The 7.2 magnitude Kahramanmaraş-centered earthquake in Turkiye has caused significant loss and destruction throughout Malatya, Adıyaman, Hatay, Kilis, Adana, Şanlıurfa, and Diyarbakır regions. Unfortunately, the number of fatalities is currently over 36 thousand, with an additional 100 thousand injured people in its wake, adding to that more than 6 thousand destroyed buildings. Economists have estimated the costs associated with this tragedy, but it’s expected they will also begin to impact economic growth.
Earthquake Can Directly Affect Growth
Though the total economic cost of the earthquake remains unclear, a drop in electricity consumption by 11 percent compared to last week gives us strong evidence that it will have significant consequences for growth. The three economists Reuters consulted predicted the total expenditure could reach $50 billion—a figure echoed by an economy official: “Our calculations suggest this disaster may incur costs of around 50 billion dollars. However, we must also account for its far-reaching ripple effects as well.”
After considering the potential disruption of 50% in production, economists established that the earthquake’s economic impact could range from a 0.6 to 2 points loss on national income and take as long as 6-12 months for full compensation.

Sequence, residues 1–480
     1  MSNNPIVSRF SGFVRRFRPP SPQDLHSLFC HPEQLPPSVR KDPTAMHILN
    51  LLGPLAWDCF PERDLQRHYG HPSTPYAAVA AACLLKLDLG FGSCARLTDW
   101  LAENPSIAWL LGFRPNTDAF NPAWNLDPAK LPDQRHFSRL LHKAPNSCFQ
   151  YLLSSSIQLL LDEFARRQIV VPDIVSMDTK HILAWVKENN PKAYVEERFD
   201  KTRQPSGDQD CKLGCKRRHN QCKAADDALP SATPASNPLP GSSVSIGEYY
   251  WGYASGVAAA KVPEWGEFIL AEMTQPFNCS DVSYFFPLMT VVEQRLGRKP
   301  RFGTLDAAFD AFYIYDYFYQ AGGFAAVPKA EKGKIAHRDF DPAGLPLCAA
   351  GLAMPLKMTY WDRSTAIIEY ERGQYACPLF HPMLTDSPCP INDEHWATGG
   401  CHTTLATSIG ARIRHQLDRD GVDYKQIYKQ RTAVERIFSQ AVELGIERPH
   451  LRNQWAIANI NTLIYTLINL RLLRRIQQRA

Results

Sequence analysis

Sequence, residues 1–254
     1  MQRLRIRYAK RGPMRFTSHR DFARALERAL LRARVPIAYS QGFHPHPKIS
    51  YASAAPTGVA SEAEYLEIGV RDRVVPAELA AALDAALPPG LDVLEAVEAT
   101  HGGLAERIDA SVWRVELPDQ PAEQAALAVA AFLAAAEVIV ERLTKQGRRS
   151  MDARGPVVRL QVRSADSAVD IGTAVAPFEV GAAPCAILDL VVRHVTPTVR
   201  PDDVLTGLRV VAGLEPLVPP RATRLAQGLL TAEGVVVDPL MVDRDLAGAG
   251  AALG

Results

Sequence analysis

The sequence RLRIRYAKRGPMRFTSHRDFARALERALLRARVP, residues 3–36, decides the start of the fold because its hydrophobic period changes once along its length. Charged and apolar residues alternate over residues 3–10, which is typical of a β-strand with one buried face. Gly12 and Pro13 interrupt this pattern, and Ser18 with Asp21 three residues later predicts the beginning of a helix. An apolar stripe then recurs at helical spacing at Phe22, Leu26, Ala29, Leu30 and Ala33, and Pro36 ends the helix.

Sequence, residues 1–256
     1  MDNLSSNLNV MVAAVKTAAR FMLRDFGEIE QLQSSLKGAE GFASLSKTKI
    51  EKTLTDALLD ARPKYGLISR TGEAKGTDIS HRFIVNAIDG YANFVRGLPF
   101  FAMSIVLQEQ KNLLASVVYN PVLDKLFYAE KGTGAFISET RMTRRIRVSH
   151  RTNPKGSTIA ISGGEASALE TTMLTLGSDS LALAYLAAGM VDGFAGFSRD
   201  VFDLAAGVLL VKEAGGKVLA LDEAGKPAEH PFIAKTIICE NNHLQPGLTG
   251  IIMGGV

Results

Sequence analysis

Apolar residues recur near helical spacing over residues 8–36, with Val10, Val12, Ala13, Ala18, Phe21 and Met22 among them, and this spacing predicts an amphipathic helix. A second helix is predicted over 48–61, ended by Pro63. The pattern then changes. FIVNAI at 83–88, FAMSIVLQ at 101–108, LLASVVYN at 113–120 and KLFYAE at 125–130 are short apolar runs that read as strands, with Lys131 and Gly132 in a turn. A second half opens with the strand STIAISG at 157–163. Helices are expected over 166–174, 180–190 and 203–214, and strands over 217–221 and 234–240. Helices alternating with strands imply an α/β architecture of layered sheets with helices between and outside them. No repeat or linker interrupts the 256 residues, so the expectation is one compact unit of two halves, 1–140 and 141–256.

According to TÜRKONFED’s Statements, the Damage Could Reach $84 Billion
In its initial report about the Kahramanmaraş earthquake, TÜRKONFED (The Turkish Enterprise and Business Confederation) said that it is estimated to cause a monstrous economic loss of 84.06 billion dollars – 70.75 billion due to housing damages, 10.4 billion from national income losses and 2.91 billion in missed workdays! This destructive event will no doubt affect Turkiye considerably over time.
According to JPMorgan, The Earthquake Could Cost %2.5 of the GDP
JPMorgan, the esteemed American investment bank, estimated that direct damage to buildings and infrastructure from the catastrophic earthquakes in Kahramanmaraş would cost 2.5 percent of GDP – a hefty $25 billion. Fatih Açelik, an economist at JPMorgan, shared with customers his assessment of the damaging economic effects of this seismic event: “The earthquake in Turkiye caused heartbreaking loss of life and will assuredly have monumental financial impacts.”
Goldman Sachs Thinks the Damage Won’t be as High as Thought
On the contrary, Goldman Sachs economists stated that it is too soon to evaluate the complete harm of the earthquakes on Turkiye’s infrastructure and economy. However, past earthquake studies revealed that while there may be significant destruction to the capital stock, growth could surprisingly remain minimal in comparison.
In their research notes, Goldman Sachs economists Clemens Grafe and Başak Edizgil deduced that the cost of last week’s earthquake on GDP could likely be lower than 1 percent. Their findings were based on an academic study that revealed that the 1999 Marmara Earthquake had a greater impact on GDP (more than three times) yet only amounted to 1.2 percent in total costs. Therefore, considering this region’s contribution to growth, it is safe to assume that the overall financial damage from this recent earthquake will remain below 1 percent of GDP.
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